Bondi Beach to Host Jousting Tournament During Professional Sports Hiatus
The famous sands of Bondi Beach will tremble with the thunder of horses’ hooves as jousting replaces professional sports during the COVID-19 restrictions. The medieval sport will make its long-awaited comeback due to its inherent ability to comply with strict social distancing regulations.
Jousting earned permission from relevant authorities because any competitor attempting to pass within 1.5 metres of an opponent will be smashed to pieces with a long and sturdy jousting stick. Health experts were also satisfied that participants would not pass on the debilitating respiratory disease because it’s impossible to sneeze or breathe on anyone from within heavy jousting armour.
“Plus, there’s no way you can touch your face when you’re wearing a jouster’s faceguard,” stated a spokesperson.
The continuation of horse racing during sports lockdown also worked in favour of event organisers.
“This persuaded us to offer another horse-based activity to the sports-mad Aussie public. We also assured the government that gambling would be a central component of every jousting event, which means that the recently unemployed can lose what little money they have left.”
Observers questioned how event promoters were able to initiate and fund such an obscure sport during times of massive financial uncertainty.
“A nice lady called Bridget gave us a handy sum of money. She just told us to call jousting a grassroots community sport, and to backdate some paperwork.”
Sceptics of the plan also wondered how the organisers would source the specialised equipment used in the sport.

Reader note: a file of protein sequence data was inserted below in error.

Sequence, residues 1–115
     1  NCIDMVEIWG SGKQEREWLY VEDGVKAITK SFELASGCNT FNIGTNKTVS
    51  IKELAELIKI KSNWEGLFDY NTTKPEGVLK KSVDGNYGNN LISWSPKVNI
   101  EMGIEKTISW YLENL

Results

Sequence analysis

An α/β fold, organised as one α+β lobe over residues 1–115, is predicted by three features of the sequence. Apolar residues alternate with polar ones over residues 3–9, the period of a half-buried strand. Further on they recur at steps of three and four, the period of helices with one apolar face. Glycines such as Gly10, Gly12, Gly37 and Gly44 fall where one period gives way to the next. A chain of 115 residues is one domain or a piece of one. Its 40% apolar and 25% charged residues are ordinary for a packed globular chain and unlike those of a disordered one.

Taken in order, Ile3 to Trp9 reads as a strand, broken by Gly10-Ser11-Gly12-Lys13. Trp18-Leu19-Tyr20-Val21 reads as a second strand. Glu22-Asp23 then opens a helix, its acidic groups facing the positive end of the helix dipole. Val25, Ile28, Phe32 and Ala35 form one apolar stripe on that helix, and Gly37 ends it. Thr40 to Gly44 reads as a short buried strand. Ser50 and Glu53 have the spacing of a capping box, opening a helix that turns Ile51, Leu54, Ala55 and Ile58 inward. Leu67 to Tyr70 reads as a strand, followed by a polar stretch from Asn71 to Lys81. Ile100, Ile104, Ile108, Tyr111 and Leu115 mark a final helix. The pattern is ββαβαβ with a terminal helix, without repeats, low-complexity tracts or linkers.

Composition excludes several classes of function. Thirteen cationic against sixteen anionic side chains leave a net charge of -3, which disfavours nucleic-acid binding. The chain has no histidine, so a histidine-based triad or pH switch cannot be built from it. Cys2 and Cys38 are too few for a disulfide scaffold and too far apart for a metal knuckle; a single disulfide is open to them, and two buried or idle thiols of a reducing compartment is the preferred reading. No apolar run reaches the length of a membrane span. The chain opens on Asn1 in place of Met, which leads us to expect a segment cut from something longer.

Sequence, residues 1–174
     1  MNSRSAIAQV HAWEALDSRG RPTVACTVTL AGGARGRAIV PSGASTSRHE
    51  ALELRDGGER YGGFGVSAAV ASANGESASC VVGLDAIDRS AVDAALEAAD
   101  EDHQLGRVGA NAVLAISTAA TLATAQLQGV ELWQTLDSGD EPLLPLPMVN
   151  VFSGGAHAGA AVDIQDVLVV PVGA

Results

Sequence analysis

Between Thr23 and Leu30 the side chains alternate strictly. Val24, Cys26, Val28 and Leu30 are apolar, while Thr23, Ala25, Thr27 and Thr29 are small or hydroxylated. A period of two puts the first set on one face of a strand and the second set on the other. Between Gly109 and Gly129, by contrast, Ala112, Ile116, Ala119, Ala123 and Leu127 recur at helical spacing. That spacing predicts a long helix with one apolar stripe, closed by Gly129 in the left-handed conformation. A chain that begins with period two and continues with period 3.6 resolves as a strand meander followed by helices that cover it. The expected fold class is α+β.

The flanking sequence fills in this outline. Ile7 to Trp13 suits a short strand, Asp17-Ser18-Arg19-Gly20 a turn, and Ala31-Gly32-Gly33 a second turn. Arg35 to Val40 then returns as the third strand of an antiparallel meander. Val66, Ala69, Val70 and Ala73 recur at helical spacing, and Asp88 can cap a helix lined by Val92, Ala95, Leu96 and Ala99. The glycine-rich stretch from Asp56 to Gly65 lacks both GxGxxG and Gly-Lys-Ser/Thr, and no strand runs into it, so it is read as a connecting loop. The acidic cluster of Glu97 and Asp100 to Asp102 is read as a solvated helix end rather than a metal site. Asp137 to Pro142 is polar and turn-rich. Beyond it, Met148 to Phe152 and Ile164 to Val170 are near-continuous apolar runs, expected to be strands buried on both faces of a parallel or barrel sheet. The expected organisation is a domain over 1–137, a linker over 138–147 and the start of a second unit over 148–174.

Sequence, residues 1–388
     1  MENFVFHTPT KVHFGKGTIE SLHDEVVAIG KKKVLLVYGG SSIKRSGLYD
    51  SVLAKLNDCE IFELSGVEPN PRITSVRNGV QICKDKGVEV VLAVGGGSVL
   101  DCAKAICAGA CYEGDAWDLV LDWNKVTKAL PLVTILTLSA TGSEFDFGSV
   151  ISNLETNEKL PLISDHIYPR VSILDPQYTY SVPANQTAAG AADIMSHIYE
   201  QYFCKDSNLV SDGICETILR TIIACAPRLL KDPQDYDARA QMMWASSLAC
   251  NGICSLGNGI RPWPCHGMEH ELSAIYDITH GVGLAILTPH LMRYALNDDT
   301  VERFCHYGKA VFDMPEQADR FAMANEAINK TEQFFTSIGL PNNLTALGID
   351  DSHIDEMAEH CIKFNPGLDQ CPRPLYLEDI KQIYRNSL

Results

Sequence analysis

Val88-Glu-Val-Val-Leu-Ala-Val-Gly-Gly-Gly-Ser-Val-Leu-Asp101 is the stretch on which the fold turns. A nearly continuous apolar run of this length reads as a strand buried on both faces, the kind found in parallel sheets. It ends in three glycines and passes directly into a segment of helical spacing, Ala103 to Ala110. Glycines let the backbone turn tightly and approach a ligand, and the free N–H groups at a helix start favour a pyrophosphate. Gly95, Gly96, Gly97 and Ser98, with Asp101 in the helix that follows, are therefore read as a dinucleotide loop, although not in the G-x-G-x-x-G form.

“We persuaded Gai Waterhouse and some other generous trainers from Randwick Racecourse to supply us with some of the more robust beasts in their stables,” stated the spokesperson. “Plus, haven’t you seen The Castle? You can get jousting sticks in The Trading Post.”
There were also concerns that most professional footballers don’t even know how to ride a horse, let alone joust.
“That makes it even better, imagine the highlights reel.”
Matches will take place on Bondi Beach but will be televised, so fans can expect to see bouts between players from the Roosters, Rabbitohs and Bondi United, the Waratahs, Easts and the Galloping Greens, and stars from the Swans and Sydney FC.
Bondi Beach was the obvious venue for such a unique event, due to its natural beauty, but also because Bondi and surrounding suburbs were the epicentre of the virus in Sydney, due largely to the number of sunbathers and swimmers who refused to stay at home.
Another equine pursuit will also entertain Eastern Suburbs residents during winter, with fox hunting to take place in Centennial Park. The noble, courageous and contact-free sport is open to anyone with a horse, a dog and a gun. If you don’t own a gun, just ask Bridget.